Osteoarthritis

Background

At the end of our bones, there is a smooth surface covered in cartilage, which allows the bones to slide freely over one another as we move. This articular cartilage can be damaged during an injury or it can wear down, or degenerate, over time as we age. The most common places for osteoarthritis include the knees, hips, and hands, particularly the thumb Carpometacarpal (CMC) joint. 

Causes

  • Injury to the bones, joints, ligaments, tendons, or cartilage can cause osteoarthritis
  • Genetics and family history
  • Repetitive tasks like repetitive jobs in a trade
  • High use of steroids throughout lifespan
  • Diseases of joint cartilage
 

Symptoms

  • Pain in the arthritic joint
  • Weakness
  • Swelling
  • Decreased range of motion/stiffness, especially in the morning
  • Visible deformity of arthritic joints
  • Cracking, crunching sound and sensation at arthritic joints

What causes arthritis flare-ups?

Numerous muscles, ligaments, tendons, and sheaths can be found within the hand. The muscles are the structures that can contract, allowing movement of the bones in the hand. The ligaments are fibrous tissues that help bind together the joints in the hand. The sheaths are tubular structures that surround part of the fingers. The tendons connect muscles in the arm or hand to the bone to allow movement.

Prevention

  • Maintain a healthy lifestyle including diet, exercise, and no smoking¬†
  • Avoid injuries when playing sports and during repetitive work
  • For repetitive jobs using your hands, take precautions to use appropriate positions, use tools functionally, stretch your hands, and allow yourself to rest

Diagnostic Tests

  • X-rays are done to determine how much space is in a joint. Cartilage itself does not show up on an x-ray, but the joint space does. If there is a wearing down of the cartilage, typically this will be seen on an x-ray as a narrowing of the joint space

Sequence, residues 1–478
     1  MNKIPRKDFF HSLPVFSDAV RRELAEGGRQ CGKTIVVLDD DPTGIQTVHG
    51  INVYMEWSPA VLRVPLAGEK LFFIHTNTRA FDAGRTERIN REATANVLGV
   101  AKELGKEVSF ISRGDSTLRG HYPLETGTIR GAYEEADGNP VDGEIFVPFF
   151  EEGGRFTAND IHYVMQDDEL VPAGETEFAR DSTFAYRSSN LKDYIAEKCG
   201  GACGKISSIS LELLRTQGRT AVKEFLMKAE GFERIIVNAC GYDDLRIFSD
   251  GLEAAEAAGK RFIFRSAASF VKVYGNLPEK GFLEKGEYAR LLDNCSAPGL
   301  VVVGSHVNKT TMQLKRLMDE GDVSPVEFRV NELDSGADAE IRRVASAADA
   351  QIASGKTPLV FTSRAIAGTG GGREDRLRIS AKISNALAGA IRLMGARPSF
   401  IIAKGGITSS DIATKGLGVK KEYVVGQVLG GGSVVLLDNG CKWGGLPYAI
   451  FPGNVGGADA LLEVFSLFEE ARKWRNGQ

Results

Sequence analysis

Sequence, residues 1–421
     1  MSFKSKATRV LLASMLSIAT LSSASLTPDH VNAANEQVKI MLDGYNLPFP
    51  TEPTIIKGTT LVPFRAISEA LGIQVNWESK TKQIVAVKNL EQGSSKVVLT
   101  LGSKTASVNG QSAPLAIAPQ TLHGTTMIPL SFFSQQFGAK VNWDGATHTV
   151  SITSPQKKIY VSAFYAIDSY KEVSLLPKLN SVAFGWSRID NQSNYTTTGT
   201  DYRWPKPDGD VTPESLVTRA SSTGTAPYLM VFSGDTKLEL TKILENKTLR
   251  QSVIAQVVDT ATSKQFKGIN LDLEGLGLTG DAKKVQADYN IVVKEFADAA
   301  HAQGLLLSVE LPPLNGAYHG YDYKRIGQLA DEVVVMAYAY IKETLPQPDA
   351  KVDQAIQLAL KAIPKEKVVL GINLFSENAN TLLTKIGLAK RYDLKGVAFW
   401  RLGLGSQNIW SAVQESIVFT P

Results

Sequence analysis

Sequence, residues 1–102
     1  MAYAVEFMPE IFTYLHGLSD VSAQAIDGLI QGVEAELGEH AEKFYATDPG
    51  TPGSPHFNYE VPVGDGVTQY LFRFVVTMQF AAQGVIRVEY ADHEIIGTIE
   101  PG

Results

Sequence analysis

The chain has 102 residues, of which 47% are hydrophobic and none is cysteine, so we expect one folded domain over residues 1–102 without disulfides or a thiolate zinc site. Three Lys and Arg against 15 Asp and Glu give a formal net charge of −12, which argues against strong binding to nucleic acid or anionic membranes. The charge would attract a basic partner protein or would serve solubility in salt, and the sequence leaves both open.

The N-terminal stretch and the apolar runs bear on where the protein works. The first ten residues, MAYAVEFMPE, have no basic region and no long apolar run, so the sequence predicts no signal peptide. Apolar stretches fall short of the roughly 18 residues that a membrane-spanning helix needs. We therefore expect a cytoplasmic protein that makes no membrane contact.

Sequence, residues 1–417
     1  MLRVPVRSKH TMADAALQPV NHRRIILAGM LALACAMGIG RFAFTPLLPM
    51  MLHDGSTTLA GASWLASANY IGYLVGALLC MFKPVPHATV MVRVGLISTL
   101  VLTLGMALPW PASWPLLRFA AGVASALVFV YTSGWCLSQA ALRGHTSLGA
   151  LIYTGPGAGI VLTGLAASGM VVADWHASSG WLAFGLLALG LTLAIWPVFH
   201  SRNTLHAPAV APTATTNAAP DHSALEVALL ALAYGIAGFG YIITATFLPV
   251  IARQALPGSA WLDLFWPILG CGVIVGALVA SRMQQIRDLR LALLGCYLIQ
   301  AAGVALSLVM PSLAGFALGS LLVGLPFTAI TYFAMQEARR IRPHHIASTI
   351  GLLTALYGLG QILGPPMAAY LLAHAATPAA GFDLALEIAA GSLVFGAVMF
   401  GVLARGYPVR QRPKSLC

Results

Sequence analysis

• Blood work may be done if other types of arthritis are suspected such as Rheumatoid Arthritis

Medical Treatment

  • Medications such as NSAIDs or steroids
  • Splints
  • Cortisone injections to decrease inflammation
  • Various types of injections such as Platelet Rich Plasma (PRP) or Lubrication injections
  • Surgery including joint fusions or joint replacements

Hand Therapy Interventions

  • Hand therapy typically focuses on education including activity modification to increase function, decrease inflammation, pain, and continued deformation of joints
  • Education on joint protection principles
  • Custom thermoplastic splinting for affected joint to place joint into rested position
  • Gentle range of motion exercises to maintain range of motion
  • Modalities like heat, paraffin, e-stim, ultrasound, and infrared laser to help reduce inflammation and pain
  • Strengthening in surrounding joints to stabilize affected area

Hand Injuries

Carpal Tunnel Syndrome

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Finger Sprain

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Rheumatoid Arthritis

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Tendon Injuries & Lacerations

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Trigger Finger

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Hand Fracture

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Mallet Finger

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Swan Neck Deformity

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Skier's Thumb

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Dupuytren's Contracture

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Osteoarthritis

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